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Cognitive behavioural therapy and interpersonal therapy comparably effective for major depression

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Professor Sue Luty

Department of Psychological Medicine, Christchurch School of Medicine & Health Sciences, PO Box 4345, Christchurch, New Zealand; sue.luty@chmeds.ac.nz

QUESTION

Question:

Cognitive behavioural therapy (CBT) or interpersonal psychotherapy (IPT): which is more effective for depression?

Patients:

177 adults (aged over 18 years) with DSM-IV non-psychotic major depression. Main exclusions: history of mania, schizophrenia, major physical illness, moderate or severe current alcohol or drug dependence, antisocial personality disorder or failure to respond to a recent (within the last year) trial of either CBT or IPT.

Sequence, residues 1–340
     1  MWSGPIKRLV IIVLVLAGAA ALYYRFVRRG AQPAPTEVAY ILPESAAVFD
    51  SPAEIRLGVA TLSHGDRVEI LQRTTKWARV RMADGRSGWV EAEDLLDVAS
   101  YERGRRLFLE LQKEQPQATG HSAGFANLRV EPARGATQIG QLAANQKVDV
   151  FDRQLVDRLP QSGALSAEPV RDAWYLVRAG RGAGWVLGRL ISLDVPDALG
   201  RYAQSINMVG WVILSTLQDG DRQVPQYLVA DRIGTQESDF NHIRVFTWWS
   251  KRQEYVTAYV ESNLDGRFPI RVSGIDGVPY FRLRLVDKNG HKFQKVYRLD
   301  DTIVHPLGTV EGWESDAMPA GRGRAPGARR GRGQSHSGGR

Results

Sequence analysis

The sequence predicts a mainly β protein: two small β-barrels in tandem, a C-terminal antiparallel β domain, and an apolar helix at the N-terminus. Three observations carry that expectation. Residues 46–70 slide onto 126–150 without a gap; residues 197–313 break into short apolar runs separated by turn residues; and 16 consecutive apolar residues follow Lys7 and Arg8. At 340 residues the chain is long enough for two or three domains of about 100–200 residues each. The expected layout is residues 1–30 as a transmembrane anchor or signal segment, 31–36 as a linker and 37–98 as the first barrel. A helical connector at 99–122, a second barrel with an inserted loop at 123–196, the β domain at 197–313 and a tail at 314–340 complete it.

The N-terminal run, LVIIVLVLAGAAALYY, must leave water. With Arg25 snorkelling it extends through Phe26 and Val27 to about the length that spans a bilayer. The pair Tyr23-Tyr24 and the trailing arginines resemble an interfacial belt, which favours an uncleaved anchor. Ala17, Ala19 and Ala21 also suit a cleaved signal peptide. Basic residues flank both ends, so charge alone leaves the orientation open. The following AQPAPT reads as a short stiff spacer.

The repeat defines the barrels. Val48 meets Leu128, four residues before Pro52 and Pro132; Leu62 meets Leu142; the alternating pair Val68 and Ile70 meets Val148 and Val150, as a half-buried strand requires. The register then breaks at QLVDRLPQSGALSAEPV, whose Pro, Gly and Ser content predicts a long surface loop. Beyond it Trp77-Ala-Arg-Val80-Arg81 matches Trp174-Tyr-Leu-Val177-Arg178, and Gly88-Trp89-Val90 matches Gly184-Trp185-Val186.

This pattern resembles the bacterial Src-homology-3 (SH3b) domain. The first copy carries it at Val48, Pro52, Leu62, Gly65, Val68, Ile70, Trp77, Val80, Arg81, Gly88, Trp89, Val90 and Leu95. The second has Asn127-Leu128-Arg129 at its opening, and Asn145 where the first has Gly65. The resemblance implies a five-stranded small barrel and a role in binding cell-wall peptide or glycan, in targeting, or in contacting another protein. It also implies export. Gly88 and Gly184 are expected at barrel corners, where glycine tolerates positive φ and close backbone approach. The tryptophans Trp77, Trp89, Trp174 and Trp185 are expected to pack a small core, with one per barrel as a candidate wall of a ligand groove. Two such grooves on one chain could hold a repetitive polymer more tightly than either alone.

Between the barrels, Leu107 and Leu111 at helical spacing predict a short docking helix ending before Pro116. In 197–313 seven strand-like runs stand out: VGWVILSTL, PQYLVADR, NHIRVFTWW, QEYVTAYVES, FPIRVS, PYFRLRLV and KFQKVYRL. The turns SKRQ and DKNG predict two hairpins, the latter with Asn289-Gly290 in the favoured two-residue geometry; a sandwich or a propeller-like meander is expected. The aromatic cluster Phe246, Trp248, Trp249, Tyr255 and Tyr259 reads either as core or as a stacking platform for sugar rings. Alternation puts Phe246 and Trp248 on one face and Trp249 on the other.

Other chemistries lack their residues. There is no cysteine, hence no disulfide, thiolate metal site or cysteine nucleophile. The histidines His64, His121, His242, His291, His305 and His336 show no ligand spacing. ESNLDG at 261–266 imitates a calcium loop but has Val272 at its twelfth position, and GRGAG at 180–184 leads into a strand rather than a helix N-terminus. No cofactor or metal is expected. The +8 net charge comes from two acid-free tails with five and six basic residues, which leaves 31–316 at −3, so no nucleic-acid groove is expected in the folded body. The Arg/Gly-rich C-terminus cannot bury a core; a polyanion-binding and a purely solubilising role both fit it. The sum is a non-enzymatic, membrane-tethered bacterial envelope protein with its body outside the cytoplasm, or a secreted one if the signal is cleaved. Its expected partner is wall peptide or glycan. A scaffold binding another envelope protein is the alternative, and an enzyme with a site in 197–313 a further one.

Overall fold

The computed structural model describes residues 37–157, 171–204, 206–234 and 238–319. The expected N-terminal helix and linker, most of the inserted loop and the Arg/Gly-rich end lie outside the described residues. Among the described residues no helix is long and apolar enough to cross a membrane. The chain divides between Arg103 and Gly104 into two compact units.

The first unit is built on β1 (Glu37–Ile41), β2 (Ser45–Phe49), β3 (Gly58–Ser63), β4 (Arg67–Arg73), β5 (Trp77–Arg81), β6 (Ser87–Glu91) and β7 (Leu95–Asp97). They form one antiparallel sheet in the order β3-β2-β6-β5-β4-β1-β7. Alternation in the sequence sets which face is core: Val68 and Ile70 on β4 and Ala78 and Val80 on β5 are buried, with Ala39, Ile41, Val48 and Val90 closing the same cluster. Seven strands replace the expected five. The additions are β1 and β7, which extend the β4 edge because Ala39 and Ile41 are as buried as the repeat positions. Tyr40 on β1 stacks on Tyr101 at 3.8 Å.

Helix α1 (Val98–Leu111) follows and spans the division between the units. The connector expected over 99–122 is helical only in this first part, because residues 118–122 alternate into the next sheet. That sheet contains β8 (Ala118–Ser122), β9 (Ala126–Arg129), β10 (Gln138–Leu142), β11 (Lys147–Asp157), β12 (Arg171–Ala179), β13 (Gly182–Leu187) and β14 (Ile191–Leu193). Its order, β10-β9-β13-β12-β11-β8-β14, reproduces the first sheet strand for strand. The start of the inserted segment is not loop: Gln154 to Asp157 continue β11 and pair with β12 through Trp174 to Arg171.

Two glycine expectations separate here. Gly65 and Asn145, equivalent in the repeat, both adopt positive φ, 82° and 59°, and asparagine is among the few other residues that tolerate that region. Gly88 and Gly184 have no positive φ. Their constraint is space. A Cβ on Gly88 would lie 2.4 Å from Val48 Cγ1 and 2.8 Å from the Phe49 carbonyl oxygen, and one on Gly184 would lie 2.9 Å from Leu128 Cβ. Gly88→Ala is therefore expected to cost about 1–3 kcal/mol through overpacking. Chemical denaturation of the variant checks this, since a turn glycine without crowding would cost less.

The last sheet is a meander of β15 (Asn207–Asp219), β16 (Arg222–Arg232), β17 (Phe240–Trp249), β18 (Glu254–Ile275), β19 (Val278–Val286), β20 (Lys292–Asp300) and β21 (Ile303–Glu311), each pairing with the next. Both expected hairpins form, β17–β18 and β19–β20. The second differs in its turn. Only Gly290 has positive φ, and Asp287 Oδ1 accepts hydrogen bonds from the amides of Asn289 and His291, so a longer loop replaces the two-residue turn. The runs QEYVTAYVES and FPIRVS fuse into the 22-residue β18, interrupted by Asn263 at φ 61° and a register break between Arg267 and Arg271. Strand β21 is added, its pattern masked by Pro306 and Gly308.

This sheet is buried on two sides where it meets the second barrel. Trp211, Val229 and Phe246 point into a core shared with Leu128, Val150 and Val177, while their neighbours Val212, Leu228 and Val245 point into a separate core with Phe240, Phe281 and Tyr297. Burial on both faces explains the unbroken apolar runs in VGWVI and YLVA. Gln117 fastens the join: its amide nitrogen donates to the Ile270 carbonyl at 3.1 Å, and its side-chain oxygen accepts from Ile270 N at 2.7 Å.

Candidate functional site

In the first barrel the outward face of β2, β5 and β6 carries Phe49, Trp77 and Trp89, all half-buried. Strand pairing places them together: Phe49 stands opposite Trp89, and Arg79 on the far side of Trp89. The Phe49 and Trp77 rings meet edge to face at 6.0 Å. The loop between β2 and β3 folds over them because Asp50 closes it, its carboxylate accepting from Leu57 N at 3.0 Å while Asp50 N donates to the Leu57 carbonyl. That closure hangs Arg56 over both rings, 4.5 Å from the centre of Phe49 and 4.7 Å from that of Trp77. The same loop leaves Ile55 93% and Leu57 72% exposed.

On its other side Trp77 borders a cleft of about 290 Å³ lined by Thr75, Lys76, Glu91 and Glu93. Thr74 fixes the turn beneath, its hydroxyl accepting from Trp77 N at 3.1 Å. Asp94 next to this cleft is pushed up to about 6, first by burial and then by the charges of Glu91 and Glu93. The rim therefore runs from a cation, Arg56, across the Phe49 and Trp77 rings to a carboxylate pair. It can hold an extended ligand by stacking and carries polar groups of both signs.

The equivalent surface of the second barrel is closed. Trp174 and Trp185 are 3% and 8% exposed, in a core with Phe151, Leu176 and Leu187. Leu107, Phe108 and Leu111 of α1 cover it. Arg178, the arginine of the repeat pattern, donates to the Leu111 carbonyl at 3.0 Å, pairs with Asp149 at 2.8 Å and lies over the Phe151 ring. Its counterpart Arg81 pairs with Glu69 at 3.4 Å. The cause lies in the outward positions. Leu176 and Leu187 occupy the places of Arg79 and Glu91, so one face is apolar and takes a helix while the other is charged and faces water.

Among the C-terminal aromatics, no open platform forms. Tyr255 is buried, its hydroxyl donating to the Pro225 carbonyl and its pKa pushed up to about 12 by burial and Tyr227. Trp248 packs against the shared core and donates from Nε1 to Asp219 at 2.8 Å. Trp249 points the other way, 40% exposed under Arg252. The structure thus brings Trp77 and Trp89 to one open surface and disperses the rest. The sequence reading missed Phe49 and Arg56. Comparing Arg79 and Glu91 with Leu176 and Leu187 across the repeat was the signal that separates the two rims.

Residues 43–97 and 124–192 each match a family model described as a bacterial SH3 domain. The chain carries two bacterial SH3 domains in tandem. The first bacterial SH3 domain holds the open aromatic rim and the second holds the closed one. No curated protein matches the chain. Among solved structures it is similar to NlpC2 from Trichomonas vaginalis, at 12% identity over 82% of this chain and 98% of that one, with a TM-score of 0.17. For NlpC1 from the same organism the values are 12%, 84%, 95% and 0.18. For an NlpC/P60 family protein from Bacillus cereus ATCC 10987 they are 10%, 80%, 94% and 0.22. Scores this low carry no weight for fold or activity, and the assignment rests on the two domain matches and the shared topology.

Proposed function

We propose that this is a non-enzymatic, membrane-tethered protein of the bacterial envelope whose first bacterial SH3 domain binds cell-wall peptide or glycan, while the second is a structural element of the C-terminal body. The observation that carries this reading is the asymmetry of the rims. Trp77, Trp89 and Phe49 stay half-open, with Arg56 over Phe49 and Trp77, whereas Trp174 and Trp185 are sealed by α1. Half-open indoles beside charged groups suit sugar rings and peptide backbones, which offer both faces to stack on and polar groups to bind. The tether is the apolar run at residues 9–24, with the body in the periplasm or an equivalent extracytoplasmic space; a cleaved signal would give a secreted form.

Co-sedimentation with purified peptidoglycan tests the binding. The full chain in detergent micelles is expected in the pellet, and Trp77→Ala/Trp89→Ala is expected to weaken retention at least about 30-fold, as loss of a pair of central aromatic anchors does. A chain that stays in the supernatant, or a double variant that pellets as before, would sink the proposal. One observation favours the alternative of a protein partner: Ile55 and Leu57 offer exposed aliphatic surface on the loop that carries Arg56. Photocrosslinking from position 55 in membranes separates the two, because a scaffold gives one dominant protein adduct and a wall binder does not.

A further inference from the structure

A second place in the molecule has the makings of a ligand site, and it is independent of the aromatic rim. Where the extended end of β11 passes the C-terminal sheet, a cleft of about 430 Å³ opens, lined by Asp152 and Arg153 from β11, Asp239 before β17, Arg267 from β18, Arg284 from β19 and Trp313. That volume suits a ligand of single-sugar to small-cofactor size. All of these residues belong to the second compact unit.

Setting:

Recruitment from various sources including mental health out-patient clinics, psychiatric emergency services, self-referral and general practitioners between August 1998 and February 2003; treatment delivered in a university-based outpatient research unit.

Intervention:

CBT or IPT for up to 16 weeks. Both approaches were delivered as 50-minute weekly sessions.

Outcomes:

Change in depression symptoms (% change in Montgomery-Asberg Depression Rating Scale (MADRS) score) between baseline and follow-up.

Patient follow-up:

89.8% of people completed adequate treatment (at least 8 sessions of weekly therapy); 100% included in intention-to-treat analyses.

METHODS

Design:

Randomised controlled trial. …

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